Share this content

Chart Of Accounts Construction - COGs or Expenses?

Didn't find your answer?

I am trying to create a chart of accounts for a small business of 2 owners/employees manufacturing and selling garden rooms. The garden rooms are prefabricated in a workshop and delivered to the customer once complete.

Some advice on how to categorise the direct materials and indirect materials used would be appreciated. At present, I have these materials categorised as shown in the attachment. Items such as a kitchen sink, shower tray, taps etc are easy to quantify and I have put them under Job Related Costs> Material Cost (COST OF GOODS SOLD).

Items such as timber, cladding, MDF sheeting are bought in bulk amounts and one bulk purchase may not necessarily all be consumed in the building of one garden room. These items seem too arbitrary to be classed as COGs, but at the same time form the bulk of the material and expense of each garden room and therefore doesn’t seem right to be classed as just a Shop Supply Expense.

Items such as glue, tape, nails, screws, sandpaper etc make sense to be listed as a Shop Supply Expense as they are either relatively low in value or not directly forming part of the finished product. Any suggestions would be appreciated. Thanks

Dan

Replies (6)

Please login or register to join the discussion.

By Duggimon
14th Oct 2019 14:07

I'd probably just put all the materials under materials and call it done.

Anything not used up entirely in a single build goes in stock.

Thanks (0)
avatar
By spidersong
14th Oct 2019 14:23

I'd be putting them all down as COGS myself, if you wanted to you could split them to something like Individually Attributable Costs and Non-Individually Attributable Costs or something if you wanted to for analysis of the things that get spread around a number of jobs.

But at the end of the day COGS is those items of expenditure that are directly attributable to the production of goods or services sold by the business, so if the product consists of fibre board, nails, glue, frame, glass etc then I'd put all those down as COGS, otherwise you're going to have a rather imbalanced view of your direct costs and your overhead costs if you're putting everything else down as expenses.

Expenses I'd tend to put as those items not attributable to the manufacture of goods, so office furniture, advertising, accountancy etc. If you haven't got the nails, glue, MDF down as cost of sale then how are you going to work out how much you're spending on each unit?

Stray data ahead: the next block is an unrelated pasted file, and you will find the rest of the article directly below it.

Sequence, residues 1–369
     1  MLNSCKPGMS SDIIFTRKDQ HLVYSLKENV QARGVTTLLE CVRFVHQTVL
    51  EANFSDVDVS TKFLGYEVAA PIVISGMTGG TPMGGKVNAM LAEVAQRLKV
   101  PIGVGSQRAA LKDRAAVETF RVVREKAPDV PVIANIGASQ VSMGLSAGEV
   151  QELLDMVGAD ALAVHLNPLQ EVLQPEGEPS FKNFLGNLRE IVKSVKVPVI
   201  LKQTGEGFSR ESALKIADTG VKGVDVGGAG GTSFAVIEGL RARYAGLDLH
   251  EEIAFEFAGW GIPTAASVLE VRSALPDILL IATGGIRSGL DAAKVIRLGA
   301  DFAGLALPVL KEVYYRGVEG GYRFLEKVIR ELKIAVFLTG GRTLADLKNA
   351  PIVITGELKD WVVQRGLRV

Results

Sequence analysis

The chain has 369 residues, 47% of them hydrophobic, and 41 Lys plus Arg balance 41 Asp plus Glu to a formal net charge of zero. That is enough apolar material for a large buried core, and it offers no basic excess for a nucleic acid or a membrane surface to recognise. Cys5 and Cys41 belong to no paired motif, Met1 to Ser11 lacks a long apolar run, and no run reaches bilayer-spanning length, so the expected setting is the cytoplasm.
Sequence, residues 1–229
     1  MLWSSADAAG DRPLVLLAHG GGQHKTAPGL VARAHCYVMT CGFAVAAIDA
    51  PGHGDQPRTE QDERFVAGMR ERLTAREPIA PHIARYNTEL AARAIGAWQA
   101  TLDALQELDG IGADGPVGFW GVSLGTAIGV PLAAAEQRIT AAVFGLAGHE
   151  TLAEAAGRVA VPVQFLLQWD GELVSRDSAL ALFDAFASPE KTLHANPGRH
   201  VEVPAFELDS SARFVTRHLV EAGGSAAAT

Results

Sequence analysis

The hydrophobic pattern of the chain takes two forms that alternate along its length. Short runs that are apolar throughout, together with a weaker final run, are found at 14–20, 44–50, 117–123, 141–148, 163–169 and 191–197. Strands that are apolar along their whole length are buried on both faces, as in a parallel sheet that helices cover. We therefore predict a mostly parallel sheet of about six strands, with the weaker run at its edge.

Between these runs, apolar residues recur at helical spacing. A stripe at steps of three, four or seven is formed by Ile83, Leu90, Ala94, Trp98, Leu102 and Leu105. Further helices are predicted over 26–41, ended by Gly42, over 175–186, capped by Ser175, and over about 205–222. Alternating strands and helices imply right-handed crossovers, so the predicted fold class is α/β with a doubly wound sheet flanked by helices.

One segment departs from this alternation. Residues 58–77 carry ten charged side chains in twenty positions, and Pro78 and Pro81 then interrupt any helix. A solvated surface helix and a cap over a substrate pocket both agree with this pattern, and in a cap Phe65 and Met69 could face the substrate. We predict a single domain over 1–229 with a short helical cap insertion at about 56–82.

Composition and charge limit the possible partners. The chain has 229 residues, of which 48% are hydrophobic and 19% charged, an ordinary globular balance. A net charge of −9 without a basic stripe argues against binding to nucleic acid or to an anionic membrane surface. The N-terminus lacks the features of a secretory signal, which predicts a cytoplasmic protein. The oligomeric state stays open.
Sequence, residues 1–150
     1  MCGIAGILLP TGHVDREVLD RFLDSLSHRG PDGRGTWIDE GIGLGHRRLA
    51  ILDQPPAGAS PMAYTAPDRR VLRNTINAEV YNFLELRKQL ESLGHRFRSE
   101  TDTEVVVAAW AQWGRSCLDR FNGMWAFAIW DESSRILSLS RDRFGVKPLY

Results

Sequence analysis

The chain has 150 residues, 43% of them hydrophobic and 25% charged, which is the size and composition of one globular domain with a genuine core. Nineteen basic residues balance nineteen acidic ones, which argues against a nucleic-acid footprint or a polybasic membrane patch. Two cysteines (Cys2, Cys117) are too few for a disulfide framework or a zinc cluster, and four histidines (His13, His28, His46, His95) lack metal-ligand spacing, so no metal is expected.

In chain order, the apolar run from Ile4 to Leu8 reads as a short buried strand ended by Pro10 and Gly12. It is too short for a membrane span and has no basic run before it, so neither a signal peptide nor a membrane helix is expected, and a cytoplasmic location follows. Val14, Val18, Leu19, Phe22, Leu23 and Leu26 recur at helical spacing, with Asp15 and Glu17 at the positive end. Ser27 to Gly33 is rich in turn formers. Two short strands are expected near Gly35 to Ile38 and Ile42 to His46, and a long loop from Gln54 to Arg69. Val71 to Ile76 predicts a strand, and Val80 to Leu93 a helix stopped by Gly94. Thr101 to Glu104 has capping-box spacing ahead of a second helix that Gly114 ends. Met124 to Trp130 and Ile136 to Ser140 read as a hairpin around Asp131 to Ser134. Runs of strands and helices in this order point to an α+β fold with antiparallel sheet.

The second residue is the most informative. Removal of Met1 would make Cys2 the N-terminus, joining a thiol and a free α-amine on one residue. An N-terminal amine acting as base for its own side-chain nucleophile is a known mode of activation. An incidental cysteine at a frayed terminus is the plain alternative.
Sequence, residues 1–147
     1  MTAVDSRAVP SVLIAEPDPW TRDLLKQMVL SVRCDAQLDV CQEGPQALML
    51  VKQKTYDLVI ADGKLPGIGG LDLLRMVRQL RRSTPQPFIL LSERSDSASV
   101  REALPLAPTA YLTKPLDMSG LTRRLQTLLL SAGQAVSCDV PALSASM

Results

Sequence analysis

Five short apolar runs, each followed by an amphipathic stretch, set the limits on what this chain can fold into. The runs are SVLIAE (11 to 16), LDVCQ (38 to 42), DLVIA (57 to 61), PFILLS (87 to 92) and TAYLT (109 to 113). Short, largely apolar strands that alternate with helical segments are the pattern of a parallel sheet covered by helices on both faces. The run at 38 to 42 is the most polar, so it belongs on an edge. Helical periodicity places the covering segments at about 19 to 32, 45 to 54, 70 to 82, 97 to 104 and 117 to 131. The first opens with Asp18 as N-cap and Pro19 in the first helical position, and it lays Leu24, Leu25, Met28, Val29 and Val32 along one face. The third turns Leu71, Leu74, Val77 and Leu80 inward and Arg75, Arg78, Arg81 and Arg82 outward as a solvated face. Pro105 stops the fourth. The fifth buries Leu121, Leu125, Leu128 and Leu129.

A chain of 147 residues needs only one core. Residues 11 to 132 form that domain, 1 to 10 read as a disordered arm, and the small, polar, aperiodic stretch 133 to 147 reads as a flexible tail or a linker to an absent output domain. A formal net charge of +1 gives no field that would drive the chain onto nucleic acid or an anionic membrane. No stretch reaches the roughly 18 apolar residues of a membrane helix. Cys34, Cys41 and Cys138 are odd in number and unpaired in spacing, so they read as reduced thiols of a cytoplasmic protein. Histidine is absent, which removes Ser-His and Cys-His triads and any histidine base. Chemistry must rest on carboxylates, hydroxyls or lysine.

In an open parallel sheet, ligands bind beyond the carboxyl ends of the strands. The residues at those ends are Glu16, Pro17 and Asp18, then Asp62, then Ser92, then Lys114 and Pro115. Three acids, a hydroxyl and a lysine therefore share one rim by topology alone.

Fair enough sandpaper and hand-tools as expenses, and larger tools as assets, but unless the nails etc are being used in something else than the end product then I'd be putting them in the Chart as part of the cost of those end products.

Thanks (0)
paddle steamer
By DJKL
14th Oct 2019 14:35

I would extend that and would also put consumables, screws, sealant, sandpaper , rags etc in COGS.

I would create a small tools and consumables heading within COGS to deal with it and set a policy re at what figure tools are treated as capital expenditure e.g. things like paint brushes/kettles/masking tape just go there whereas replacement Makita does not, materials of significant value bought particularly for a job go against that job cost the rest are just COGS unallocated.

When we did small works and I was running a job cost system there got a point where it was simpler to not job allocate these sorts of things and just absorb by either recharging expressly purchased significant value materials with a mark up or recharge within hourly labour recharge rates.(I used to add 20% to materials and then used fixed hourly labour rates)

Life is really to short to try to calculate on which jobs the box of 1000 screws was used.

Thanks (0)
avatar
By kiwilondon99
14th Oct 2019 14:40

Use say, a 'constructed/delivered built off site and delivered [ or even made by you ]
then say 'fit out category' whcih covers small one off buys used for the completion

you may fo course buy 24 taps and 48 sockets in one purchase - and only use ' couple- the balance would be stock

you could create another category or sub categoruyinto each

it will depend on how much value each end product is - and for waht purposes you require data + at what level [why spend a day analsying a couple of dozen input invs for a £few]

simple accounts or simple prorerct/job accounts, depending on what you require will assist you

keep overhead costs [ accounant bank genral well away from these accounts = + = ensure they do not form part of your gross profit
items such as payroll + advertising : take a view on these - generally indirect cos[ and maybe within GP again depending on your size and info needs ]

Thanks (0)
avatar
By ddub7835
14th Oct 2019 15:10

Thanks for all of your help, it's much appreciated.

Thanks (0)
avatar
By kestrepo
14th Oct 2019 15:27

I second the stock method. Add items bought into stock and draw them down to cost of sales then allocate them to each room as it is fabricated. This will give you the ability to determine how much each finished room costs to make and to see what it was sold for. It would also add perceived value to the company since the stock will be shown as an asset on the balance sheet. Hopefully your client would see that as a positive! You could in the future add to this further by allocating the time spent (labour) to manufacture each room too.

Thanks (0)
Share this content